Morocco (Nov 2015)

When I told my parents I was going on the the next backpacking adventure they didn’t say anything. I assume they are getting used to me going around the world all the time. However when I mentioned I was going to Morocco they weren’t very happy. They were very concerned about all the terrorist threats happening in the last few weeks and they were trying to convince me to go somewhere else. Well, I was very excited for my next adventure and nothing was going to stop me.

I travelled with my friend and we started off in Marrakesh where we spent a couple of nights, walking around the markets, visiting couple of palaces and discovering the mysterious and narrow alleys of the Old Town. We stayed very close to the heart of the city – Medina in the ‘Young and Happy Hostel’ which got 10/10 from me on (17 USD for a twin room with breakfast). Fantastic budget hostel with very friendly and helpful staff. We chose that place so we can experience as much local culture as possible. I believe that staying outside the ‘walls’ in secured, well maintained resorts defeats the purpose of experiencing the city.

We wondered a lot through the narrow alleys of the city to find good local places to eat. Unfortunately, the local cuisine didn’t impress me that much and we did try a few different places from cheap street food to well established restaurants. My friend who visited Marrakesh 5 years earlier said that it has changed a lot, for worse. The city became very tourist orientated and the quality of many services has lowered.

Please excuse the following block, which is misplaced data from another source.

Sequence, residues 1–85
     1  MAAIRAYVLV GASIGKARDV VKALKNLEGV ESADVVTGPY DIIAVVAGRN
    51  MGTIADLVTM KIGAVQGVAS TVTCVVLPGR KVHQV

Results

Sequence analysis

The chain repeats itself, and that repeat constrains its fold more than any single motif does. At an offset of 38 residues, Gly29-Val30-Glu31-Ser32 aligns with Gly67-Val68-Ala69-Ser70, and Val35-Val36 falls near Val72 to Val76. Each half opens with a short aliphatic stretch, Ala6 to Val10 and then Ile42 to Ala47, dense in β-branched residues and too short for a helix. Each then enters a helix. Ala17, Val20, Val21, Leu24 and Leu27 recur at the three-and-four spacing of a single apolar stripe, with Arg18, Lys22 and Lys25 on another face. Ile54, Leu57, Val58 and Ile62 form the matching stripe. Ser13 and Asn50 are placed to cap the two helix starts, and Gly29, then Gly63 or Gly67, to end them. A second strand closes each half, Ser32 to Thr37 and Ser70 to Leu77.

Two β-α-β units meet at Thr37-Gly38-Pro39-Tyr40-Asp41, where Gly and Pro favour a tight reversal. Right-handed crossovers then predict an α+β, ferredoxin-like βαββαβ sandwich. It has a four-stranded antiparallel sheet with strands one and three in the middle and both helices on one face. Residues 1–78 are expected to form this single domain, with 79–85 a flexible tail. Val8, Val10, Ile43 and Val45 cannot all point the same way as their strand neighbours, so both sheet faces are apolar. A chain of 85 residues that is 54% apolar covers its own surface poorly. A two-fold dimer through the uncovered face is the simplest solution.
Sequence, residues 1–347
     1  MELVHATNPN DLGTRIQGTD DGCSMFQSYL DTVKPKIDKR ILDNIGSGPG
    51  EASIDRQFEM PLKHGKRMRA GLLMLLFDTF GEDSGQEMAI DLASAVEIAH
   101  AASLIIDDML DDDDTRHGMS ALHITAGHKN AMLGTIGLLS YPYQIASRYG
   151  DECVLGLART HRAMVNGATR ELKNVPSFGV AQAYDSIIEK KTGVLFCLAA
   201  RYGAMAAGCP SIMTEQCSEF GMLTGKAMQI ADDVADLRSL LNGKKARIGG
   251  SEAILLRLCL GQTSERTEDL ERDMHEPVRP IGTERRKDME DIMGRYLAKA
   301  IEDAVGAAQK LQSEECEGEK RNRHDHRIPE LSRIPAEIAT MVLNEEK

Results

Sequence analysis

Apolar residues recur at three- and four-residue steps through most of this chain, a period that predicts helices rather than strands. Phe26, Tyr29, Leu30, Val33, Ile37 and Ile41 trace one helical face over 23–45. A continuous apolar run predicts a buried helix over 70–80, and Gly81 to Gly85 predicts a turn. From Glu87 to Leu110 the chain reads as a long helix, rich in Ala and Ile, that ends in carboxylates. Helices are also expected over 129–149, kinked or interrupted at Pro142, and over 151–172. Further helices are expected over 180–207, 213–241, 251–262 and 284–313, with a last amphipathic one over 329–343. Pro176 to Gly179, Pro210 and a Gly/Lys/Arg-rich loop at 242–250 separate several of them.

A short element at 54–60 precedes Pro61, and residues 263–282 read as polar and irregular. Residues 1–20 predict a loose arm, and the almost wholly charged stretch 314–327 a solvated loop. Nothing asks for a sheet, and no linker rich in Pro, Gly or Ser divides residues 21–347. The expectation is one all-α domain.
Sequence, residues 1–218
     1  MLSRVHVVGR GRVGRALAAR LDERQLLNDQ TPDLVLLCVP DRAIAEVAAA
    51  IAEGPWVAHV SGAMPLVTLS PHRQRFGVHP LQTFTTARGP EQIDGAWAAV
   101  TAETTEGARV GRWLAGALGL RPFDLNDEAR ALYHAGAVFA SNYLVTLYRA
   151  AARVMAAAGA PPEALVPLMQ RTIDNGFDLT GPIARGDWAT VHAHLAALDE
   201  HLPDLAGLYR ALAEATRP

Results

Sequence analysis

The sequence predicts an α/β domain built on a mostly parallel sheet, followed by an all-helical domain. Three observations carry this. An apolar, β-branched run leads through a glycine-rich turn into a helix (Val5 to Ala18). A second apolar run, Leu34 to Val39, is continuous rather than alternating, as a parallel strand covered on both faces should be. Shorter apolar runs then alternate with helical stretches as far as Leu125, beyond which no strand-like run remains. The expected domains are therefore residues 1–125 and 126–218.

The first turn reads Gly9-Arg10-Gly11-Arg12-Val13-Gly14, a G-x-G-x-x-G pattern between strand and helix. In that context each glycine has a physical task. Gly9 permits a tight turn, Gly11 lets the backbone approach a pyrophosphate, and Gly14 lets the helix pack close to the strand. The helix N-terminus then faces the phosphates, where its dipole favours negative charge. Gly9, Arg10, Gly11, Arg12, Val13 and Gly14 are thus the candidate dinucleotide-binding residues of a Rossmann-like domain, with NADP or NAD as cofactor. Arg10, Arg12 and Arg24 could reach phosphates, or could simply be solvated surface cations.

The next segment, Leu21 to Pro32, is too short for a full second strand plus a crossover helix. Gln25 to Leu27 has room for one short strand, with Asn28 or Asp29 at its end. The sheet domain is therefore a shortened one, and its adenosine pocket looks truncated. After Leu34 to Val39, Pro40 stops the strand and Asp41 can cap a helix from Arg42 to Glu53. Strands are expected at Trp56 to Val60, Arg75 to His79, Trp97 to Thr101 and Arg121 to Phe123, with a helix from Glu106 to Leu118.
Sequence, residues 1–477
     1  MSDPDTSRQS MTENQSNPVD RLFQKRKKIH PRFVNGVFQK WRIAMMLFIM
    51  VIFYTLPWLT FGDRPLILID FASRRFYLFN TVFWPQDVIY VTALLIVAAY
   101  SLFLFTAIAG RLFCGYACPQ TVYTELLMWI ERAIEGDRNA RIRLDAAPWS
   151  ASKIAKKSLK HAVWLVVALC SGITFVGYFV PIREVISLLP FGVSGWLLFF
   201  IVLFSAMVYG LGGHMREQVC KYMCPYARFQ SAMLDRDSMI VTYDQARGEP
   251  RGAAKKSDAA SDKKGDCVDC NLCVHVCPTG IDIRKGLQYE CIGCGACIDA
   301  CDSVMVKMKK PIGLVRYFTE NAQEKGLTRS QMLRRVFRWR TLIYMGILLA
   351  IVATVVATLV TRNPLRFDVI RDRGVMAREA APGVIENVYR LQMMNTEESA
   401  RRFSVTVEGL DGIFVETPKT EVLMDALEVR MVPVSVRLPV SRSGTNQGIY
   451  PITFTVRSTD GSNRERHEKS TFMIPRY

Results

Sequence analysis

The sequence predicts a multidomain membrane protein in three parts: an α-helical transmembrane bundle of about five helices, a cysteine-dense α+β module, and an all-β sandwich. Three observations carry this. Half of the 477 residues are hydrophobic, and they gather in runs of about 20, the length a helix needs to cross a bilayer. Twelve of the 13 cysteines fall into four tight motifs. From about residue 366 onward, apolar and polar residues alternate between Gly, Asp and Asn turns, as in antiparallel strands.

On the third day we travelled South East of Marrakesh towards Ourzazate and then to the Sahara desert. Ourzazate is famous for the film studios where they filmed Star Wars, Troy and Gladiator to name only a few. I think it was more exciting for me than my friend since she was always waiting for me outside while I was walking around the museums and rooms. However, not being a Star Wars fan at all I found it a bit meaningless walking around the house where they filmed a few scenes – mainly because I couldn’t even imagine them. But I’m sure the real fans will find the place very fascinating!

We used public transport, shared taxis as well as we hitchhiked a lot. And the latter mean of travelling left us with the funniest moments of the trip. We joined very random people from a group of labourers, groups of students, an old man to carpenters transporting their goods to a different city. We also met a cyclist who was travelling around the country on his bike just after he finished exploring Burkina Faso and couple of other countries around.

To our surprise not many people spoke English. In the Southern parts of the country the most common language apart from Arabic is French. Luckily for us I speak some French. I just had to brush up on my knowledge and remind myself a few words. After five days I was able to argue with taxi drivers and get us to right places without being fooled. A lot of people asked me after we came back if we weren’t scared of hitchhiking. Well, there is always a chance you going to end up with a psycho no matter what country or continent you travel around. But we had a big trust in the local people as they were very nice and always tried to help (apart from people working in public services – Oh my God! How rude they were!) even though we couldn’t have communicated in their language.

We made it to the edge of the Sahara desert where we jumped on few dunes and took some photos of the famous sand. Then we headed with an overnight bus onto the other side of the country – the coast. We visited the famous rock arches which symbolise the Atlas mountains touching the Ocean. Such a fantastic place.

We met a lot of solo travellers on the way and some of them became our friends ‘for the day’ and we shared some backpacking moments with them. Definitely trying to commute like the locals helped us to experience the real side of Morocco. We also did a lot of people’s watching – almost like the Parisian way and trust me – you can spot a lot of funny situations!


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